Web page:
This week I watched three different series finales. They were all shows that I liked and hated to see go, but all good things must end (and no, Star Trek The Next Generation was any of them).
They were Reaper, Kings and Prison Break. These were three good shows and I wish they could have found larger audiences, but that just wasn’t meant to be.
Reaper was the story of some young guy who finds out that his parents sold his soul to the Devil and as a result he has to be the Devil’s bounty hunter. Each episode revolved around a soul that escaped Hell somehow (I can’t remember if they ever said how most of these things got out) and how Sam and his friends send it back to Hell. It was a pretty quirky show I think would have been a lot more successful on a cable station like Syfy, instead of the network of Gossip Girl and Who Wants To Be A Top Model. I would have loved to have seen Syfy’s Friday Night lineup of Reaper, Warehouse 13 and Eureka, but nope, instead the show lasted two seasons (the second was drastically shorter than the first).
Kings was a retelling of the Biblical story of Kings Saul and David set in an alternate universe. It was a very interesting idea that was a weird mixture of modern day New York as the capital of a monarchy called Gilboa. The lead character was an aging king who was losing his grasp on his kingdom and was played by Ian McShane. At times, the dialog was a bit thick to get through, but it was one of the few TV shows that used faith based religion and a person’s relationship with a higher power as a characteristic instead of a character flaw or plot point. The show wasn’t marketed right. The religious overtones should have been mentioned from the beginning, but they weren’t. The show seemed like it was a Dynasty-type story set in a kingdom of a world that might or might not be ours. Once you really got into the show, there would be long scenes of discussions with or about God that while they seemed appropriate in their context really slowed the rest of the story down.
Prison Break started as the story of a man who had himself thrown in prison so that he could break his brother out of Death Row and ended up with a small ragtag group of escaped convicts working to save the world. This is a series that changed its focus with every season but the creators made it work. What really hurt them was that unappreciated mid season break that a lot of shows take. I’m not sure why they take them, but I hate it. When a show like Battlestar Galactica or Burn Notice take the break, they aren’t really hurt as bad because while those shows have an overall storyarc, they aren’t as dependent on each episode as Prison Break was.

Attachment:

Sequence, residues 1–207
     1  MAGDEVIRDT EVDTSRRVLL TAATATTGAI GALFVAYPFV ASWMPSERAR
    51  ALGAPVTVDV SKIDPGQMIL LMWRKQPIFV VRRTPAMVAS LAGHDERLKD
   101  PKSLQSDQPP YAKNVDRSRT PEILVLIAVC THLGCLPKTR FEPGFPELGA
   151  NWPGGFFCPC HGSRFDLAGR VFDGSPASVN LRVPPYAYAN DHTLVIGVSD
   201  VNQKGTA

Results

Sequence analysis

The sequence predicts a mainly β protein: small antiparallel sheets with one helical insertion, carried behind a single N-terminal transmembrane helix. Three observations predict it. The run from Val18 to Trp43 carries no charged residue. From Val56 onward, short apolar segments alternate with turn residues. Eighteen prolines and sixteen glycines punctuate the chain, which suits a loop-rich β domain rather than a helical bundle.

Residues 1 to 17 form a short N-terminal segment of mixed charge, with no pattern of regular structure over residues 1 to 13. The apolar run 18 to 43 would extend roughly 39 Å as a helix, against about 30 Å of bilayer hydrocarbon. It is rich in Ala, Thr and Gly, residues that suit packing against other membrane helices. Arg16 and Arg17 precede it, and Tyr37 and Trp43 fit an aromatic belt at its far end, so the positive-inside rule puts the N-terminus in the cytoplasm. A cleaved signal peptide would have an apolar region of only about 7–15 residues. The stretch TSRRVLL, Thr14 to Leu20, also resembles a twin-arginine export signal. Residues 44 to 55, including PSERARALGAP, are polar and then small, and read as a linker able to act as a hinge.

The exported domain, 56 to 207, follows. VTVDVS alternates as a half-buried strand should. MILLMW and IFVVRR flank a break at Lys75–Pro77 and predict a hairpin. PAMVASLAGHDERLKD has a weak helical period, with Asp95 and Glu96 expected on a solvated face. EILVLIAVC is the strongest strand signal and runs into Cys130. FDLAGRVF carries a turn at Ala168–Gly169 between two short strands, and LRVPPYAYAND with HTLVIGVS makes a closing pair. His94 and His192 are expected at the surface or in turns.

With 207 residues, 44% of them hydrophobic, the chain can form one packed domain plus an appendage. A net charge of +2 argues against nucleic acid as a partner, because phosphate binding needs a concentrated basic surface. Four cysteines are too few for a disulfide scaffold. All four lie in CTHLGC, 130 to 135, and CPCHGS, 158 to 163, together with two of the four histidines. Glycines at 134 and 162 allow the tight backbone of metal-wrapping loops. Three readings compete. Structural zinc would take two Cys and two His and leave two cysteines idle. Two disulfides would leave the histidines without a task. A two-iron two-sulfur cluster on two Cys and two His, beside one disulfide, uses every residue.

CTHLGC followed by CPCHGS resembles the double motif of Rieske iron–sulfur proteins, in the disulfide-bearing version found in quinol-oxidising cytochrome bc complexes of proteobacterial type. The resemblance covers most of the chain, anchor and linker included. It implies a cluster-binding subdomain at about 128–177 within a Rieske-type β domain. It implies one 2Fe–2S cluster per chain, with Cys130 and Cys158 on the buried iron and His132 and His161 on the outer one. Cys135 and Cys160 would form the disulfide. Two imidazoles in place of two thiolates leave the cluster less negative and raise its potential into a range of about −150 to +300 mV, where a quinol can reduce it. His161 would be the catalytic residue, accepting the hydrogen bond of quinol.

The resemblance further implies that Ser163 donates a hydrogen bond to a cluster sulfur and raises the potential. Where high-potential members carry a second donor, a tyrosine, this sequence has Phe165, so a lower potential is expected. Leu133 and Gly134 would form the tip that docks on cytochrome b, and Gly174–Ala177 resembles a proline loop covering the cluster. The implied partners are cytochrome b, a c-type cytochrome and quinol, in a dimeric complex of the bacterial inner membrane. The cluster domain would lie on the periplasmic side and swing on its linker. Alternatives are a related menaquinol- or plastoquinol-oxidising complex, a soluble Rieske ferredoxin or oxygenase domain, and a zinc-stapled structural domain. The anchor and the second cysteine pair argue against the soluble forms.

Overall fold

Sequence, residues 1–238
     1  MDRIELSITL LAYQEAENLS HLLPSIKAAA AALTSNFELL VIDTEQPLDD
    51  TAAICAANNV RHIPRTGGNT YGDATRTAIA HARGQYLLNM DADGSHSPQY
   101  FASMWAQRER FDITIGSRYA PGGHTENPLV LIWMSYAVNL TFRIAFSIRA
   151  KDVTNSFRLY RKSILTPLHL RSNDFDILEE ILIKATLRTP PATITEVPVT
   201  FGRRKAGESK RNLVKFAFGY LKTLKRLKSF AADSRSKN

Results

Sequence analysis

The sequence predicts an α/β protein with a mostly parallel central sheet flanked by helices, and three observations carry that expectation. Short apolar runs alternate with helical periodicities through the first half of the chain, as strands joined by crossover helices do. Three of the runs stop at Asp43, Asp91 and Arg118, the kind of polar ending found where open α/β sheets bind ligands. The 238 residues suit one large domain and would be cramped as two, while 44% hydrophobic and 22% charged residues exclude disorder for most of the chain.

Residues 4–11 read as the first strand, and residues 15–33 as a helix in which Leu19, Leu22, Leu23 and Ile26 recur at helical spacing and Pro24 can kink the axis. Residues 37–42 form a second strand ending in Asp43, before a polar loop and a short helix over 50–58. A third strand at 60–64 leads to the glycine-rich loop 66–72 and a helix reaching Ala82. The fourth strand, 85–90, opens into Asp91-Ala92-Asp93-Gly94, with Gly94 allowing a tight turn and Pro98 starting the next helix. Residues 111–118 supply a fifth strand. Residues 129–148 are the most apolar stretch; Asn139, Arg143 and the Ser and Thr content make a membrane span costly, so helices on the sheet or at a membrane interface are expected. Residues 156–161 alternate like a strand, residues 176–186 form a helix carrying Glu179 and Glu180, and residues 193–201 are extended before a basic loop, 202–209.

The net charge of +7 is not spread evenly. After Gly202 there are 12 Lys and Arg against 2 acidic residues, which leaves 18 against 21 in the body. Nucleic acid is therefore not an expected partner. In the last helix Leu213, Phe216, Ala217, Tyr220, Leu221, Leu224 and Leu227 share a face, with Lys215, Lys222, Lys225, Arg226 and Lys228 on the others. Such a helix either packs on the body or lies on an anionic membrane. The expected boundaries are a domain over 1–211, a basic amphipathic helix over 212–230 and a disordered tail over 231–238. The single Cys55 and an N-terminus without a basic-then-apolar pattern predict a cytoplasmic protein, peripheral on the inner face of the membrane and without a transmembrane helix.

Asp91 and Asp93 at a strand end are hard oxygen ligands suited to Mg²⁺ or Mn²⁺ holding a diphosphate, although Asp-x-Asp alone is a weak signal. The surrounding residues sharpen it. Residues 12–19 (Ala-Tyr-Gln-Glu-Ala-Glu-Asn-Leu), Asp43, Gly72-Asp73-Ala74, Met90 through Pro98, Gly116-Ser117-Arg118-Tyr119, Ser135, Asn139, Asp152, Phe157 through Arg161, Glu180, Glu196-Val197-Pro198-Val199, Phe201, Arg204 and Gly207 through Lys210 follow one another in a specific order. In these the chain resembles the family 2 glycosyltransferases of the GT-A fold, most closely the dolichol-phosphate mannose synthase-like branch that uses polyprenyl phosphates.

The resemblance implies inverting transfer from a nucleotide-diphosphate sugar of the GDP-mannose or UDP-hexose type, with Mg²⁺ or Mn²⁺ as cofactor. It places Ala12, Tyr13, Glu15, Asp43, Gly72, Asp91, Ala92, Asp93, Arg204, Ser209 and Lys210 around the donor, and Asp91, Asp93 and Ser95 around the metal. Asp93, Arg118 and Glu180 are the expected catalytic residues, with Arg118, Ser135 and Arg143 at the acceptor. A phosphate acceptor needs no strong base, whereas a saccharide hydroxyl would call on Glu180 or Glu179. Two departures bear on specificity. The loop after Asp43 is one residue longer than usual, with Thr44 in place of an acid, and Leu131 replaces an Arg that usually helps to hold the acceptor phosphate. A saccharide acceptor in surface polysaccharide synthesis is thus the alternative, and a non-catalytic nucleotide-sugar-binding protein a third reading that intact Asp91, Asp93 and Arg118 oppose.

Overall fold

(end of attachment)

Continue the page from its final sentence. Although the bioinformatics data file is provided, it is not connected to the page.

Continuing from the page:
Reaper ended its run with a lot unresolved, but there is some talk about the story being continued in comic book form (a la Buffy The Vampire Slayer and Angel) which may serve the story much better. There are still some things comic books do better than movies such as portraying people flying, showing demons interacting with regular humans and despite the CGI budget, portrayals of Hell will always look a lot better on paper than on screen. I know that the producers wanted to see if they could shop the series to other networks and that was one of the reasons why the story was left with so many unanswered questions, but it didn’t bother me that they weren’t answered. Somewhere in another reality, Sam and his friends are still fighting escaped souls and hanging out at the day job. I don’t need to see them getting old to the point where it makes no sense to stay at their jobs.
Kings built to an ending that should have been the first chapter of a much larger story, which should have ended with David Shepherd taking over as king. This is something that has been hinted at since the first episode and the original story from the Bible says that David takes over. It would have been interesting to see the story continue, but to be honest with you, if they had to pick an ending point, this was a good one. Somewhere the war between Silas and David has started and we already have a good idea how it ends. Besides, once Ian McShane’s character was taken off of the table, the show would have started its rapid decline. McShane was so much larger than the other actors and characters that it would have been a sad spectacle without him. However, I would have liked to see the direction they would sent Macullay Culkin’s character. He was introduced later in the series than the other main characters, but I really liked him and they were hinting at a much bigger role in the series.
Prison Break was weird because unlike the other two finales I saw, it was complete. I had no more questions when I was done watching the episode. I thought it wrapped up everything nicely and there was nothing else I wanted to know. Then I found out there was Prison Break: The Final Break, which is a two hour movie that fills in the blanks from the last ten minutes of the show I saw. To me, it didn’t need to be made but since it was made, I will watch it just to see what story was so important that it needed to be told. I hope I won’t be disappointed.
There are three shows that obviously weren’t watched by a lot of people, but if you get a chance, check them out. I think they are all enjoyable and if given a chance by the right people, they will reach that cult status that a lot of shows that I like seem to have.